18. 18. The mosquito Aedes aegypti
  19. 19. Predisposition  Severe disease is more common in babies and young children, and in contrast to many other infections it is more common in children that are relatively well nourished.  Other risk factors for severe disease include female sex, high body mass index, and viral load.  While each serotype can cause the full spectrum of disease, virus strain is a risk factor  Dengue can be life-threatening in people with chronic diseases such as diabetes and asthma.
  20. 20. Predisposition cont.  Polymorphisms (normal variations) in particular genes have been linked with an increased risk of severe dengue complications. Examples include the genes coding for the proteins known as TNFα, mannan-binding lectin, CTLA4,TGFβ, DC-SIGN, PLCE1, and particular forms of human leukocyte antigen from gene variations of HLA-B.  A common genetic abnormality inAfricans, known as glucose-6- phosphate dehydrogenase deficiency, appears to increase the risk. Polymorphisms in the genes for the vitamin D receptor and FcγR seem to offer protection against severe disease in secondary dengue infection
  21. 21. Mechanism  When a mosquito carrying dengue virus bites a person, the virus enters the skin together with the mosquito's saliva. It binds to and enters white blood cells, and reproduces inside the cells while they move throughout the body.The white blood cells respond by producing a number of signaling proteins, such as cytokines and interferons, which are responsible for many of the symptoms, such as the fever, the flu-like symptoms and the severe pains.  In severe infection, the virus production inside the body is greatly increased, and many more organs (such as the liver and the bone marrow) can be affected  Fluid from the bloodstream leaks through the wall of small blood vessels into body cavities due to capillary permeability.As a result, less blood circulates in the blood vessels, and the blood pressure becomes so low that it cannot supply sufficient blood to vital organs
  22. 22. Cont.  Furthermore, dysfunction of the bone marrow due to infection of the stromal cells leads to reduced numbers of platelets, which are necessary for effective blood clotting; this increases the risk of bleeding, the other major complication of dengue fever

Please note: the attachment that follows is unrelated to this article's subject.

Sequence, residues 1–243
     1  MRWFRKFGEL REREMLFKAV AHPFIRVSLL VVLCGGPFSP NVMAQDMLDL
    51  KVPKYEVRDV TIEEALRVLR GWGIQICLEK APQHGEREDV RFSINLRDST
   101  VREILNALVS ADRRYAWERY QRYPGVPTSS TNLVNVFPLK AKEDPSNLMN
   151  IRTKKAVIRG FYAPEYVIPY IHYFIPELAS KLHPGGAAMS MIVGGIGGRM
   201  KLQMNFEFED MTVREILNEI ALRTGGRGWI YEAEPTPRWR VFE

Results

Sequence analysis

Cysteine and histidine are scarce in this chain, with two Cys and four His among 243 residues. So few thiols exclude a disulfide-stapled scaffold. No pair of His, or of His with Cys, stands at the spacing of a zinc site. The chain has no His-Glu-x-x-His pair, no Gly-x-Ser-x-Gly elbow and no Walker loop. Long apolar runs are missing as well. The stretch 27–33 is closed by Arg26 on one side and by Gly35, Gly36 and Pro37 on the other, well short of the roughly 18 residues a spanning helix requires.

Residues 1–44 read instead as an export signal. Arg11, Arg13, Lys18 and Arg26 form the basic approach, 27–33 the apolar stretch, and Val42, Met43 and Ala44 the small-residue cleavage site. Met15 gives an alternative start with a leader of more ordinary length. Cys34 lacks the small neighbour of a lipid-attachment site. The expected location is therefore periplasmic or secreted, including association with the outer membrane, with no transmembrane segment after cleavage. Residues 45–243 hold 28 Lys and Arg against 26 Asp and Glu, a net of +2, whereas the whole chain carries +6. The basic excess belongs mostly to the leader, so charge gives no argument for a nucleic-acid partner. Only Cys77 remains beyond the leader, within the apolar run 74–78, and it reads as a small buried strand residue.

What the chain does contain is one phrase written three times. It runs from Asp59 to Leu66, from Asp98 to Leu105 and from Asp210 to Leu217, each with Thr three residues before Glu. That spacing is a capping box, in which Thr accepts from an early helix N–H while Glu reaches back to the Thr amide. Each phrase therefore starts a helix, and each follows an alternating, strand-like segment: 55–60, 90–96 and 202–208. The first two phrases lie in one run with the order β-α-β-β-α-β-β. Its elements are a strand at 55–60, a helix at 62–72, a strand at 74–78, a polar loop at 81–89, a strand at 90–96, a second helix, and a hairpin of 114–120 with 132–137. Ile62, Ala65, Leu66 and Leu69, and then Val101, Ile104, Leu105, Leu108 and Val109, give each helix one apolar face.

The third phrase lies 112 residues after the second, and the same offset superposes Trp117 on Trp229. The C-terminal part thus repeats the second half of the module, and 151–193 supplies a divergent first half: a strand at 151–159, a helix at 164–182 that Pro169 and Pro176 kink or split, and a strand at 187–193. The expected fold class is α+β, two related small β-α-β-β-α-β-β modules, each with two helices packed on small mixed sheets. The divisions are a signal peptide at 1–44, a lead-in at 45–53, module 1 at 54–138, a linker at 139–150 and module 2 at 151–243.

23. 23. Severe disease  It is not entirely clear why secondary infection with a different strain of dengue virus places people at risk of dengue hemorrhagic fever and dengue shock syndrome. The most widely accepted hypothesis is that of antibody- dependent enhancement (ADE).The exact mechanism behind ADE is unclear. It may be caused by poor binding of non-neutralizing antibodies and delivery into the wrong compartment of white blood cells that have ingested the virus for destruction.There is a suspicion that ADE is not the only mechanism underlying severe dengue-related complications, and various lines of research have implied a role forT cells and soluble factors such as cytokines and the complement system.
  24. 24. Cont.  Severe disease is marked by the problems of capillary permeability (an allowance of fluid and protein normally contained within blood to pass) and disordered blood clotting.These changes appear associated with a disordered state of the endothelial glycocalyx, which acts as a molecular filter of blood components. Leaky capillaries (and the critical phase) are thought to be caused by an immune system response.Other processes of interest include infected cells that become necrotic—which affect both coagulation and fibrinolysis (the opposing systems of blood clotting and clot degradation)—and low platelets in the blood, also a factor in normal clotting
  25. 25. Diagnosis  The diagnosis of dengue is typically made clinically, on the basis of reported symptoms and physical examination; this applies especially in endemic areas.  However, early disease can be difficult to differentiate from other viral infections.A probable diagnosis is based on the findings of fever plus two of the following: nausea and vomiting, rash, generalized pains, low white blood cell count, positive tourniquet test, or any warning sign (see below) in someone who lives in an endemic area
  26. 26. Cont. Warning signs  Worsening abdominal pain  Ongoing vomiting  Liver enlargement  Mucosal bleeding  High hematocrit with low platelets  Lethargy or restlessness  Serosal effusions  Warning signs typically occur before the onset of severe dengue.[
  27. 27. Cont. Tourniquet test The tourniquet test, determines capillary fragility. It is a clinical diagnostic method to determine a patient's hemorrhagic tendency. which is particularly useful in settings for dengue fever where no laboratory investigations are readily available. The test is part of the WHO algorithm for diagnosis of Dengue fever. How it done A blood pressure cuff is applied and inflated to the midpoint between the systolic and diastolic blood pressures for five minutes.The test is positive if there are more than 10 to 20 petechiae per square inch.The diagnosis should be considered in anyone who develops a fever within two weeks of being in the Tropics or subtropics.
  28. 28. Positive-tourniquet-test.
  29. 29. Cont. Tourniquet test limitations  Some studies have shown that the tourniquet test may not have high specificity. Interfering factors with this test are women who are premenstrual, postmenstrual and not taking hormones, or those with sun damaged skin, since all will have increased capillary fragility. However many other studies have shown that the tourniquet test has good specificity but a low sensitivity.  Therefore its use as a diagnostic test for dengue is questioned as people who have a negative test may still have dengue  It is no longer used as a classification test for dengue haemorraghic fever in the latestWHO guidance.
  30. 30. Cont. diagnosis  It can be difficult to distinguish dengue fever and chikungunya, a similar viral infection that shares many symptoms and occurs in similar parts of the world to dengue.  Often, investigations are performed to exclude other conditions that cause similar symptoms, such as malaria, leptospirosis, viral hemorrhagic fever, typhoid fever, meningococcal disease, measles, and influenza.